Letter S

The Definition of Silencer

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Silencer

Improper term for a device that cuts down on the noise a firearm makes when it is shot. The correct term is suppressor. Silencers only exist in the movies.


19 Other Firearms Definitions You Need To Know


Ejector Star

On a revolver, the collective ejector, manually operated through the center of an opened cylinder, when activated, clears all chambers at once.

Overbore Ammunition

Small caliber bullets being used in large cases. E.g. .22 bullet in a .45 acp case.

Pump Action

A type of mechanism for removing a spent shell casing from the chamber of a firearm and inserting a fresh cartridge into the chamber. This type of mechanism is most commonly used in shotguns and rimfire rifles.

Tracer

A type of ammunition that utilizes a projectile or projectiles that contain a compound in its base that burns during its flight to provide a visual reference of the projectile's trajectory.

Semi-Wadcutter

A bullet design featuring a conical extended nose, with a flat point, and a sharp edged shoulder that serves to cut a full diameter hole in the target. This design also may be found with a hollow point to facilitate expansion. A modified wadcutter bullet design with slightly sloping edges, designed to load smoothly in a semi-automatic pistol.

Feed Ramp

An inclined, polished area on a repeating firearm, just behind the chamber, that helps guide a cartridge into the chamber when pushed forward by the closing bolt or slide.

Squib

An underpowered powder charge, usually caused by a fault in cartridge loading, often insufficient to expel a projectile from the muzzle of a firearm. If such a blockage is not cleared, the next attempted shot could cause the barrel at least to bulge, and very possibly to burst.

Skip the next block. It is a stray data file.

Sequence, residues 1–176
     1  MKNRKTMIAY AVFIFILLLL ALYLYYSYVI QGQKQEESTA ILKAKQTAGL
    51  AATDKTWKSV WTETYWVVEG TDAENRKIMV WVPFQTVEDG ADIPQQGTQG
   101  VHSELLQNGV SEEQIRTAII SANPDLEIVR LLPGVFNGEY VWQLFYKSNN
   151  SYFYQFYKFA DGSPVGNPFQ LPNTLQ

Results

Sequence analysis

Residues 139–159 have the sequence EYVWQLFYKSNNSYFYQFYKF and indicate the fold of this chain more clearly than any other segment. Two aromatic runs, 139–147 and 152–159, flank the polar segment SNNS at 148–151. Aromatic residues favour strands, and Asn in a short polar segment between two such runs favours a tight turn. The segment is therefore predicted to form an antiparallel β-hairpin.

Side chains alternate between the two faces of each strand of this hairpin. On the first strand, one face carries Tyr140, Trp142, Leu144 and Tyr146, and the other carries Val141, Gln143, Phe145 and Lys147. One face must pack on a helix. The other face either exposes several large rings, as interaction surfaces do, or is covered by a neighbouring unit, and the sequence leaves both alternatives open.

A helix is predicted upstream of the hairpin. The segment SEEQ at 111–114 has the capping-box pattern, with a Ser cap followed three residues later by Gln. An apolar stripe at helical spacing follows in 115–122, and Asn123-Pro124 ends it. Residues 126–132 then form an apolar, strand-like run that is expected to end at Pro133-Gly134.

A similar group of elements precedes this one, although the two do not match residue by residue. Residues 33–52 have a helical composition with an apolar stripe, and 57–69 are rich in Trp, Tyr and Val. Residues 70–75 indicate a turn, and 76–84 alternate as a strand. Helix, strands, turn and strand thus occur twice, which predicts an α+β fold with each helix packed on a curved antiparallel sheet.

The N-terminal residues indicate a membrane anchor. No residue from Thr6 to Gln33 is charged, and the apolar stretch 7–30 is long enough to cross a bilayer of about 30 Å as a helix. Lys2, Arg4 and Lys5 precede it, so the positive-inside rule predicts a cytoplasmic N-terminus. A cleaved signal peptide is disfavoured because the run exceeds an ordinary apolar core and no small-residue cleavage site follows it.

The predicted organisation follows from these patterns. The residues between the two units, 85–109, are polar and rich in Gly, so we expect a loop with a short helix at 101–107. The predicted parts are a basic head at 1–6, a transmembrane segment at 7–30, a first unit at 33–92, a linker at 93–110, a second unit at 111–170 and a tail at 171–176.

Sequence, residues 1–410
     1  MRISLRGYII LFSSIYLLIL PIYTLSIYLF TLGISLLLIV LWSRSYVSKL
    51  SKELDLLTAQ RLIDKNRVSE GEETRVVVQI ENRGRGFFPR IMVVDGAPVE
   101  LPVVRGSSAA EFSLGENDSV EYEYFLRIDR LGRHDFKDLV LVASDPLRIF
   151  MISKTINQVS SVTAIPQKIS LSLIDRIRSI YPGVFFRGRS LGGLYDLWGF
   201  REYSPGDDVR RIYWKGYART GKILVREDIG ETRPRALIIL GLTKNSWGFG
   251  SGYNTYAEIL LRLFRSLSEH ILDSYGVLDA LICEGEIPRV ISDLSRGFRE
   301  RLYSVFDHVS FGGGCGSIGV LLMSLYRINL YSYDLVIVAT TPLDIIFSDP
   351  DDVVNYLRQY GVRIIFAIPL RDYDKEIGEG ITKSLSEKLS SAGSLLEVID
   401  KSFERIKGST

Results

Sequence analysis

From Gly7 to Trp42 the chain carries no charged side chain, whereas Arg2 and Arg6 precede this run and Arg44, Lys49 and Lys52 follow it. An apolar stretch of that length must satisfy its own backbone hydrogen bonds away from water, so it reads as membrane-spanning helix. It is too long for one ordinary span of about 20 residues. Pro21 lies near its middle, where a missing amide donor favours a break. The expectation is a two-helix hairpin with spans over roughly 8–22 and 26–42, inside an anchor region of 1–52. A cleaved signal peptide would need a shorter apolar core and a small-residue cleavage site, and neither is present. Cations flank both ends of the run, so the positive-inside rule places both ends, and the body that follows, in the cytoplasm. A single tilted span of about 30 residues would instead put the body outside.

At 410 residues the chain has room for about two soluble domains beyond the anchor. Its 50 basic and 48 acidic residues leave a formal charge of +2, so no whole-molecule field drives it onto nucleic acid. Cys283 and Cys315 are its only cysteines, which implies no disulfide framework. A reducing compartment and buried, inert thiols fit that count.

Frontstrap

Front, metal, part of a handgun's grip, which together with the backstrap, provides a mounting frame for the grip panels.

Oregunian

A person living in the State of Oregon that is a firm supporter of the Second Amendment (plus the other nine Bill of Rights amendments) and generally will also be a firearms enthusiast.

In other words "A Gun Loving Red Blooded American that Hails from The State of Oregon"

Snap Cap

An inert ammunition-shaped object, used in practice to simulate misfeeds and other malfunctions. Some folks also use them during dry fire practice to cushion the firing pin as it strikes.

Out of Battery

A semi-automatic is said to be out of battery when the slide fails to come all the way forward again after the gun has fired. This condition can be created by a misfeed, a dirty gun, weak springs, the shooter's thumbs brushing against the slide, riding the slide, or any of several other causes.

Cape Gun

A two-barreled, side-by-side, shoulder-fired gun having one smoothbore shotgun barrel and one rifled barrel.

Birdshot

A type of shotgun ammunition which uses very small pellets with individual projectiles of less than .24" in diameter designed to be discharged in quantity from the shotgun. The size of the shot is given as a number or letter-- with the larger number the smaller the shot size. It is so named because it is most often used for hunting birds. The finest size generally used is #9 which is approximately .08" in diameter and the largest common size is #2 which is approximately .15"

Trace

Visible disturbance in the air by a bullet. Typically this takes the form of image distortion that persists for a fraction of a second in the shape of an inverted V similar to that of a boat wake.

DA

Abbreviation for Double Action

Pepperbox

An early form of muzzle-loading revolver wherein, instead of the current practice of having one barrel mated to a multi-chambered rotating cylinder, multiple joined barrels revolve together around a central axis.

Checkered Butt

Checkering, applied to the otherwise-unfinished butt end of a gunstock.

Pellet (air gun)

Skirted projectiles used in pellet guns

Smokeless Powder

The propellant powder used in modern ammunition. It is not an explosive, but rather a flammable solid that burns extremely rapidly releasing a large volume of gas. Commonly called "gunpowder" and usually made from nitrocellulose, or nitrocellulose and nitroglycerin. It is classified as a "Flammable Solid" by the Department of Transportation.

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